The khol is a terracotta two-sided drum used in northern and eastern India for accompaniment with devotional music (bhakti). It is also known as a mridanga (< Sanskrit mrit + anga, lit. 'clay limb'), not to be confused with mridangam. It originates from the Indian state of West Bengal from elite class-caste groups who brought it to the culture of Assam and Manipur with the spread of the Vaishnavite sect. The drum is played with palms and fingers of both hands.
The khol is regarded as resembling to the ancient gopuchha shape of drums, as described in Natya Shastra. The right face of the drum has a high pitch and produces a metallic sound, whereas the left face, produces a lower bass sound.
The khol is a drum with a hollow earthen body, with drumheads at both ends, one far smaller than the other. The drumheads are made of cow or goat skin, and are three-layered and treated with a circle of rice paste, glue, and iron known as syahi. Some modern instruments are made with a fibreglass body and synthetic drumheads.
There are so many histories about its origin. Different types of Khol are available in north eastern India. Odisha, Manipur, Bengal and Assamese Khol are commonly found in different forms. The wooden khol of Bengal was made into terracotta by the Assamese polymath Sankardev who brought the culture of Vaishnavism from Bengal into Northeastern India.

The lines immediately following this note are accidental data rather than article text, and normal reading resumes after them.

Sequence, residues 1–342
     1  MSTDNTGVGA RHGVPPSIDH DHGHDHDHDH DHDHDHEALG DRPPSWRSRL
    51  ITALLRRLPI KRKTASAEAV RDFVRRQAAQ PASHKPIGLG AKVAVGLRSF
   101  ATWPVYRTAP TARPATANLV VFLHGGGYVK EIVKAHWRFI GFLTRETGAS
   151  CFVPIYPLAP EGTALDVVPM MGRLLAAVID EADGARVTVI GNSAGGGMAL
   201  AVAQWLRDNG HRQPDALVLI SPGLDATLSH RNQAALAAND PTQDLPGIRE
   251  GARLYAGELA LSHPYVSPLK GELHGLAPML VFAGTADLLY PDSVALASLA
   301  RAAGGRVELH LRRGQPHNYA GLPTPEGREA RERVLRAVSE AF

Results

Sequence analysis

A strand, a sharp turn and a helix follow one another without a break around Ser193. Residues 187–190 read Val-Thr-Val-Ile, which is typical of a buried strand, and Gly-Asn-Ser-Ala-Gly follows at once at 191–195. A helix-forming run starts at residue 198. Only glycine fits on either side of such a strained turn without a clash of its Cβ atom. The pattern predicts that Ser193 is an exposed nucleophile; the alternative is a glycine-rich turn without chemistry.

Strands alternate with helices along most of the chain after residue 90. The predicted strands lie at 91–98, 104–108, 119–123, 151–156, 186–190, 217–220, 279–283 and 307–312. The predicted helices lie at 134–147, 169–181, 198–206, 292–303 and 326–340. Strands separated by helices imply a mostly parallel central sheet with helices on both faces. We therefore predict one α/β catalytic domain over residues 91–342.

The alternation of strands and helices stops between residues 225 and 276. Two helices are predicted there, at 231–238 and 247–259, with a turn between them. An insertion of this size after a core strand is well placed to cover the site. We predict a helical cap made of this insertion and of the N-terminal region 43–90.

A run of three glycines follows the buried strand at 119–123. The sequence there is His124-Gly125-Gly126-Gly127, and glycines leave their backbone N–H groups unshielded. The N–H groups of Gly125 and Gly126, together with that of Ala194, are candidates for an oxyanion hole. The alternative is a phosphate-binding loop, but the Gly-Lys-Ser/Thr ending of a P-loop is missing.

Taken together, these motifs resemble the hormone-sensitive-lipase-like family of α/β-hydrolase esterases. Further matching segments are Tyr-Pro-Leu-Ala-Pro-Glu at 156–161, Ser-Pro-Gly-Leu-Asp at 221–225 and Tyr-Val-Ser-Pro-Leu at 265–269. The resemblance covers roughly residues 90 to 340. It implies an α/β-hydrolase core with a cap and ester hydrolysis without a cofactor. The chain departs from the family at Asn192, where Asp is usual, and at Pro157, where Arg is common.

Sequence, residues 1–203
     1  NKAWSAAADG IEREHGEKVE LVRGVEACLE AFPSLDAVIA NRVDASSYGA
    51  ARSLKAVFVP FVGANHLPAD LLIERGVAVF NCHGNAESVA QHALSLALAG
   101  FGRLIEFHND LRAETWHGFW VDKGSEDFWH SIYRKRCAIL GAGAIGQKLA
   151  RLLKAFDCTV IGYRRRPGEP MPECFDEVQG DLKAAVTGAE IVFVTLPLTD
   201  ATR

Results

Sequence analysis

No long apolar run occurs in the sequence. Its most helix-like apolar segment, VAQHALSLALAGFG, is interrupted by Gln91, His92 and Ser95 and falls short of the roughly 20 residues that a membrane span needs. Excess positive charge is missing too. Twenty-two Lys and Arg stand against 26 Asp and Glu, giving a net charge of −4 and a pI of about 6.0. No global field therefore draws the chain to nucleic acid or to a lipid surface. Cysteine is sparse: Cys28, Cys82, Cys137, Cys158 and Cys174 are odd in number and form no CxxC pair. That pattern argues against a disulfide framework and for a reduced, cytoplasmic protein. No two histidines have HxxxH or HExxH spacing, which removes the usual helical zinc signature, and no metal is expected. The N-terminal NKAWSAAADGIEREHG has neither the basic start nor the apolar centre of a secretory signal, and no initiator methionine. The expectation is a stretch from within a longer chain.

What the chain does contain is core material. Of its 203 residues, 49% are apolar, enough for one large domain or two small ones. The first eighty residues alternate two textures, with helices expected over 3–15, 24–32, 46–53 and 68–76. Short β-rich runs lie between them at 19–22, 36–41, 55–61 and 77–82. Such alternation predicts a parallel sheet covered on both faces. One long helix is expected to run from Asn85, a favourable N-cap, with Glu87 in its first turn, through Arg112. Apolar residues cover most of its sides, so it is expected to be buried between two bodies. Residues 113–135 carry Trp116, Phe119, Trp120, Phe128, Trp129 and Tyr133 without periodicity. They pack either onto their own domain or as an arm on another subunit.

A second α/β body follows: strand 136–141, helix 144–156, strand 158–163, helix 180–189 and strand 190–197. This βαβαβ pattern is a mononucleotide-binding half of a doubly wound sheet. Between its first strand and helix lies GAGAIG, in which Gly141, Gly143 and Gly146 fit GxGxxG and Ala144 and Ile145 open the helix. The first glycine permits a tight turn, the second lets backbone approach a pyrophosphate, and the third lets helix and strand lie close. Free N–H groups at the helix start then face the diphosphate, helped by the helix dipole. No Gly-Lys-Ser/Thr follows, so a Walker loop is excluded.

The khol is considered an integral part of the Ek Saran Naam Dharma culture and is used in bhaona (plays), gayan-bayan', prasanga-kirtan and borgeets (lyrical songs). Assamese polymath Sankardeva is known to have adapted and evolved the tradition of gayan-bayan by using musical instruments like the khol and taal. According to Assamese Neo-Vaishnavites, playing the khol is regarded as a holy activity and it is also considered to be one of the most important traditional percussion instruments. It is also a key musical instrument that accompanies a Sattriya performance.
The instrument is used in every Visnu (Jagannath, Radha Krishna) temple in Odisha during arati rituals. The drum is used to accompany Odia, Bengali kirtans by medieval poets like Chandidas, Govindadasa and Gyanadas. It is also used to accompany Gaudiya Nritya, one of the nine Indian classical dances (as recognized by Ministry of Culture, and not recognized by Sangeet Natak Akademi).
- Maddale, an instrument used in Yakshagana
- Manoj Kumar Das
- "Khol - India Instruments". www.india-instruments.com. Retrieved 20 October 2019.
- "Yathi and Jathi - Classical Music Mridangam". www.mridangams.com. Retrieved 20 October 2019.
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- Nandini, Dr M. Lalitha & M. (30 November 2017). "Soul of kirtans". The Hindu. ISSN 0971-751X. Retrieved 20 October 2019.
- Barthakur, Dilip Ranjan (2003). The Music and Musical Instruments of North Eastern India. Mittal Publications. ISBN 81-7099-881-6.
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